May 18th, 2023

The 5 astonishing benefits of solo travel, according to experts

We all have one or two travel experiences that we’ll remember for a lifetime. Whether it’s an epic skydiving trip in an awe-inspiring location, or simply a day trip to somewhere new with your favourite people, exploring the world can be life-changing in so many ways.

One thing many travel experts and psychologists recommend is to try solo travel at least once in your life. Even if you have a partner, family, or close group of friends you usually jet off with, perhaps it’s time to consider a trip by yourself.

Here are five astonishing benefits of solo travel that could inspire you this summer.

1. Solo travel gives you a “selfishness” outlet

According to Psych Central, your body often sends clear signals that you might need more alone time than you’re currently getting. These symptoms could come in the form of fatigue, chronic stress and agitation – especially if you live a busy life, both at work and at home with family.

If you struggle to carve out time alone at home, and even feel selfish for doing so, booking a trip by yourself could alleviate some of that pressure.

Indeed, one of the key benefits of solo travel is getting unfiltered “selfish” time. You can choose what you do, when you do it, how long you spend on each activity, and who you interact with while you’re on holiday – without any compromises.

2. Your confidence will build day by day

One reason you might be wary of travelling alone is nervousness. This is understandable; hitting the road by yourself comes with some risks, especially if things go wrong and you need support.

Yet if you’re apprehensive about solo travel, this could be all the more reason to try it. Taking a trip alone will push you out of your comfort zone, as it requires you to advocate for yourself and your needs while you’re on the road.

Although this could lead to some anxiety, you could find that your confidence builds by the day when you travel solo, making you realise you’re capable of much more than you thought.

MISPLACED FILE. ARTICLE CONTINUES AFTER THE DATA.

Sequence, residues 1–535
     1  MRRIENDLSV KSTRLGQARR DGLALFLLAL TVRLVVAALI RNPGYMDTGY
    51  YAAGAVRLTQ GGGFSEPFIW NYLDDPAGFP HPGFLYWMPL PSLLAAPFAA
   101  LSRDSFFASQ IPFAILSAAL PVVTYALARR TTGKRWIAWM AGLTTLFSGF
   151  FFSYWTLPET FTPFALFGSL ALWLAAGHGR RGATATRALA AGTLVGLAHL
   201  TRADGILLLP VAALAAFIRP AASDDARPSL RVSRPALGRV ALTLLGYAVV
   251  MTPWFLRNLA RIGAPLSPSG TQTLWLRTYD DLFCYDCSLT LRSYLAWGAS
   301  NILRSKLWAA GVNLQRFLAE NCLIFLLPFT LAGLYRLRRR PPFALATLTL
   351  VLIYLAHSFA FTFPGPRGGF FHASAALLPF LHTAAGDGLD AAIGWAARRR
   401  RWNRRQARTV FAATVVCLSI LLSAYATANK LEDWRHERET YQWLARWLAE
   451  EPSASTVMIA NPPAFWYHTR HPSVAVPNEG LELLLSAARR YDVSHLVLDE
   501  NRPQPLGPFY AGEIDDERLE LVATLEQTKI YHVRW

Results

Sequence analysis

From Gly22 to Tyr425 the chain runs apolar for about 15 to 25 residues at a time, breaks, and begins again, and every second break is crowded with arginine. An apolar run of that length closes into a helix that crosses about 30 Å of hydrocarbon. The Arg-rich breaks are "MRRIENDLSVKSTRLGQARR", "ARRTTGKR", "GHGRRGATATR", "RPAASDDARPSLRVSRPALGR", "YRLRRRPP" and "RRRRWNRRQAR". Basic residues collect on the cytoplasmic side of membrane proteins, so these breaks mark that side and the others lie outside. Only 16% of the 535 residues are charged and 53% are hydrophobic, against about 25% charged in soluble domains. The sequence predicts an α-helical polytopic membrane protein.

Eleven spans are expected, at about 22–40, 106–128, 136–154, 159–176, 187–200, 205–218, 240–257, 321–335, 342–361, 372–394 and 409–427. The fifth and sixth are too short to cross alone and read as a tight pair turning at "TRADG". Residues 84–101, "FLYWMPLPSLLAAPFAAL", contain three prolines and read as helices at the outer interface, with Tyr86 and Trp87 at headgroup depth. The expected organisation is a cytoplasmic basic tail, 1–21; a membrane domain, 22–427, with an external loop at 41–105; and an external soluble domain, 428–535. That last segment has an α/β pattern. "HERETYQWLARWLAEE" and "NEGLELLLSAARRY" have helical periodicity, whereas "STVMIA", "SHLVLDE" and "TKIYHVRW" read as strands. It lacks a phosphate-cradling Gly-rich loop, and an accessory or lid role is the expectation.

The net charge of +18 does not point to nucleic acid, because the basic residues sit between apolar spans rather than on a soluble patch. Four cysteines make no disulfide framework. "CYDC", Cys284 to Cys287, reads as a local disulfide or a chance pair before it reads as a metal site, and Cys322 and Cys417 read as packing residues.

3. You’ll get to know what you crave, without any outside influences

If you spend your life fulfilling other people’s needs – especially if you’re a parent, or work in a busy team environment – it’s easy to lose track of what you actually want and need.

Even if you are at retirement age by now, there is still much to learn about yourself – and solo travel could help you get to grips with your identity, whatever that means to you.

Trying exotic foods you’ve always shunned for the sake of ease when eating with family, taking up a new sport or hobby, or simply going to a destination nobody else in your family is interested in are all excellent ways to get to know your own preferences without any outside influences.

4. Spending time alone teaches you to self-soothe

In an article published in The New York Times, professor Thuy-vy Nguyen, a psychologist studying solitude, says that alone time “helps us regulate our emotions, [and can have] a calming effect that prepares us to better engage with others”.

Indeed, solo travel could be the perfect opportunity to learn better self-regulation.

Things often go wrong when you’re travelling – flights are delayed, luggage lost, or accommodation isn’t exactly what you pictured – sometimes leading to stress and dissatisfaction. Facing those emotions alone might sound daunting, but actually, this might teach you to adapt to your surroundings without leaning on others for support.

This isn’t to say that solitude is always a good thing – in fact, many studies indicate it has poor effects on our mental health if you spend too much time alone. But if you’re used to travelling with others, putting yourself in the hot seat could be hugely beneficial for your ability to self-soothe when things go awry.

5. You might make deep connections with those you meet along the way

When you travel abroad with a group, your “unit” might not set out to make friends with those you meet.

However, when you embark on a trip by yourself, you might feel more open to making new connections.

Whether it’s joining a group tour of a specific landmark, or even befriending those sharing your accommodation, you might find you form meaningful friendships with new people when travelling solo.

Meeting others from different countries, cultures and backgrounds can help broaden your mindset, and could offer you a fun connection if you enjoy socialising day-to-day.

Ultimately, solo travel isn’t for everyone – but if you yearn to get to know yourself better, spend time alone, or build your confidence, going on holiday alone could be the answer.

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